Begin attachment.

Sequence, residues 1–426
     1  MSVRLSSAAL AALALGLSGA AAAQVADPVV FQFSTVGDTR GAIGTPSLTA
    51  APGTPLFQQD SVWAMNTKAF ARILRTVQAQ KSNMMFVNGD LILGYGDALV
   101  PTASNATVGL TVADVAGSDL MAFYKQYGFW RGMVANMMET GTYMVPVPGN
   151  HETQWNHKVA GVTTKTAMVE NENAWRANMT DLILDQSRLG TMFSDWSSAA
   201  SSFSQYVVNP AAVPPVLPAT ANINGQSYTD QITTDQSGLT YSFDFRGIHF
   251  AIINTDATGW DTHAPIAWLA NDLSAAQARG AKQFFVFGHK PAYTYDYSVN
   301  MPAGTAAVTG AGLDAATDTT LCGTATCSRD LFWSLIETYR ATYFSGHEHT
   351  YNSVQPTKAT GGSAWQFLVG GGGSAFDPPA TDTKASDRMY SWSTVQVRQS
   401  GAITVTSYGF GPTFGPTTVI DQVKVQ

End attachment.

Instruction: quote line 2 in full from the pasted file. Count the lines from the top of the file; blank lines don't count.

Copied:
     1  MSVRLSSAAL AALALGLSGA AAAQVADPVV FQFSTVGDTR GAIGTPSLTA